Modern College: Part 3
A Year of Essays: January 13, 2022
Doug Shapiro, executive director of the National Student Clearinghouse Research Center, was quoted in a Washington Post article on the 6.6% decline in enrollments at colleges and universities since the start of the pandemic. Two things he said stand out: “Students are questioning the value of college” and “We have to get students back on track, re-engage them.”
With the latter comment, I sure hope Shapiro doesn’t mean for colleges to return to the traditional model. If he does, he’s not paying attention to the former comment.
I’m on my university’s program review committee. We are facing enrollment declines greater than the national average. We are also facing a $4M deficit over the next two years. We implemented a new general education program this year that allows students to explore areas of interest in-depth to make their educational experience more meaningful and useful.
We face an impasse: higher education is changing based on what it markets, and if we don’t shift to a market mentality — what students consider a meaningful and useful learning experience for the price — enrollments will continue to decline.
I’ve always considered myself an innovative educator. Few find riveting sitting in rows and listening to lectures on how to use a comma correctly. I throw formality out the window and ask students to “get real,” to own their own learning. Students ask me how to do something, and I always respond with “there are many avenues to the same destination.” Zen-like, of course, yet true. And frustrating to students who just want to know HOW TO DO IT.
I haven’t taught my “unclass” recently. I’d walk into the room on Day One and say, “The University requires this for this course, so what are we going to do?” Crickets. I’m sure many thought I’d lost my marbles. The idea was for the class, as a whole, devise a project that would include research, writing, some collective out-of-class activities, and self-evaluation. I’d identify pros and cons to project proposals, but the decision of what to study would rest with them.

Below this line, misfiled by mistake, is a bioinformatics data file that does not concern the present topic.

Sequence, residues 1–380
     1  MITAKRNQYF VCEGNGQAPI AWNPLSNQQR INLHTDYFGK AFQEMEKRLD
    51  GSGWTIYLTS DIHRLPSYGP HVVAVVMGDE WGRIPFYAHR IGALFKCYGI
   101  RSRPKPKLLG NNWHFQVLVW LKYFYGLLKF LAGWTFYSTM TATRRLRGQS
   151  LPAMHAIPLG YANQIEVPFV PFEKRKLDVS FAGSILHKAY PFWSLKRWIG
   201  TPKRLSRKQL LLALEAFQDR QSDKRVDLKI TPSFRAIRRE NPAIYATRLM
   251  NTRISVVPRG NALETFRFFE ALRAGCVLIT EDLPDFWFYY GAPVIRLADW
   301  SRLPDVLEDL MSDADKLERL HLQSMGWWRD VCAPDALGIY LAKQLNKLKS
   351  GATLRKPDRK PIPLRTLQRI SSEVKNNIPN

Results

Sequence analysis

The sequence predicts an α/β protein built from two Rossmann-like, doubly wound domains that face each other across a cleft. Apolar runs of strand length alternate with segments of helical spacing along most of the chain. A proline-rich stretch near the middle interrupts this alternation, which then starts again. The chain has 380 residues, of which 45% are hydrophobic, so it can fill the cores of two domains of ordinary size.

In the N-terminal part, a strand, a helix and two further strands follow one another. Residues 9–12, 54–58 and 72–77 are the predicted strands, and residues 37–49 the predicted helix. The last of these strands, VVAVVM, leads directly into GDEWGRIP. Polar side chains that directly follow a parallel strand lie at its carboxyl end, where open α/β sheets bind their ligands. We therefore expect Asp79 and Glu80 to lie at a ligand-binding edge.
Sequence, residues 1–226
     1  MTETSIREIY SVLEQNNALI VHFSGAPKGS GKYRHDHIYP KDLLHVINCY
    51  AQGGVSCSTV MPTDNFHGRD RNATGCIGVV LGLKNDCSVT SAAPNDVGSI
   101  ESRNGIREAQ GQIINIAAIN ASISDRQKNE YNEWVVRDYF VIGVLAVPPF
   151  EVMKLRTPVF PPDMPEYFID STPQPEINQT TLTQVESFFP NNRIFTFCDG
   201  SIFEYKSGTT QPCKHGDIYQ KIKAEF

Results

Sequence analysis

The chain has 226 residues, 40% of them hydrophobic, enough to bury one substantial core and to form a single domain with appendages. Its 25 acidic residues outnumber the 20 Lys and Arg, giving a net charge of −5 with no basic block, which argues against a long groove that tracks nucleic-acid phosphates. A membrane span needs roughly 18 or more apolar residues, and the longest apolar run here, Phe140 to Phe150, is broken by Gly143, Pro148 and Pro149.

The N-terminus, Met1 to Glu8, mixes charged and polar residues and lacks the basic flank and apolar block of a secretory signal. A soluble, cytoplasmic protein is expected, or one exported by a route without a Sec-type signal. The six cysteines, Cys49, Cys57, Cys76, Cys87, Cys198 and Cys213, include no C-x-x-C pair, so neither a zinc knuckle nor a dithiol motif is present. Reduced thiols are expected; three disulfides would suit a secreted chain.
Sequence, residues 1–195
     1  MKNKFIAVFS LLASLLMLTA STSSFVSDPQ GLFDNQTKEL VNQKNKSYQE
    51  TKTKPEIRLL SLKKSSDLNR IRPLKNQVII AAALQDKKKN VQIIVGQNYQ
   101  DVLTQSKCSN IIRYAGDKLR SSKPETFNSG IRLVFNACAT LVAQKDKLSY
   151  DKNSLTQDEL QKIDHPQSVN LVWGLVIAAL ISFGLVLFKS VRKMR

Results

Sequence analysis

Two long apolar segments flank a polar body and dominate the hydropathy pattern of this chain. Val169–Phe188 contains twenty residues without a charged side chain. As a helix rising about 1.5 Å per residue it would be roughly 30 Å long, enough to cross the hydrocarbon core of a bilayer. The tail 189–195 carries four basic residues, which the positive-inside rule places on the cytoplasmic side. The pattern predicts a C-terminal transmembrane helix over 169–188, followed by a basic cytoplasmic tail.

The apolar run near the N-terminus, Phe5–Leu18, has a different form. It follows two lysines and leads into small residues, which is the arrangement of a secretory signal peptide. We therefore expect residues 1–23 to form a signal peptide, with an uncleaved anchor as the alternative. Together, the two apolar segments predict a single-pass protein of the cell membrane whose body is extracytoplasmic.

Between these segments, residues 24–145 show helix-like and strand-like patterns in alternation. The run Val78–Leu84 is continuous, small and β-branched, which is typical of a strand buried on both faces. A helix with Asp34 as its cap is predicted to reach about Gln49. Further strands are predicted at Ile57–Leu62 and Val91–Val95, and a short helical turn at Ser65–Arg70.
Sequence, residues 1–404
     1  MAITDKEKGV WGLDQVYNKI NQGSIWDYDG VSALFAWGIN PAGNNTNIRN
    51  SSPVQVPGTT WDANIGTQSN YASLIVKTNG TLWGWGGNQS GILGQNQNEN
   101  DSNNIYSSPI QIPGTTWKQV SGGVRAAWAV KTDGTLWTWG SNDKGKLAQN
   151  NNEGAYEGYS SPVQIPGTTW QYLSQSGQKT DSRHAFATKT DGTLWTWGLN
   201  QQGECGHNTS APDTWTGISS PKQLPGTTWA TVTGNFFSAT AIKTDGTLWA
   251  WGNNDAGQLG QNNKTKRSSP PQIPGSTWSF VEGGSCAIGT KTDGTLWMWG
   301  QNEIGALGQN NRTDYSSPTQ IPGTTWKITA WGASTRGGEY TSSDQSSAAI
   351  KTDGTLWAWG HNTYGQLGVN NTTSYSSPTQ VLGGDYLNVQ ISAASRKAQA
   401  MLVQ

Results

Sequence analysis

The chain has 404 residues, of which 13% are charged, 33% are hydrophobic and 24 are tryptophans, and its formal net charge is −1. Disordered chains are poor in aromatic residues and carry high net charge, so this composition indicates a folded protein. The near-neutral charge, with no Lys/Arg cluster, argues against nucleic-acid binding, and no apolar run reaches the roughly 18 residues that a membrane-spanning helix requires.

In Fall 1999, after some confounded questions, Brad suggested we build a boat, take it to Key West in late December, and sail into 2000. Inwardly smiling because someone got it, I laid out what that project would entail, and we deemed it impractical. (Brad and I are still friends.) The course, and others like it through the years, have been wildly successful. Students learned how to develop, implement, and evaluate their ideas, worked through obstacles (and were there ever some), and mostly have fun along the way. Students have told me the project changed how they learned — by being an active participant in learning.
Good educators know what I mean, and colleges don’t have to change too much to start re-engaging students. Constructivist education models are plentiful. Class sizes can be reduced. Sit around a table so everyone can see each other. Make learning active and relevant and meaningful and useful for our students’ lives and futures.
Douglas-Gabriel, Danielle. “Colleges lost 465,000 students this fall. The erosion of enrollment is raising alarms.” Washington Post, January 13, 2022. https://www.washingtonpost.com/education/2022/01/13/fall-college-enrollment/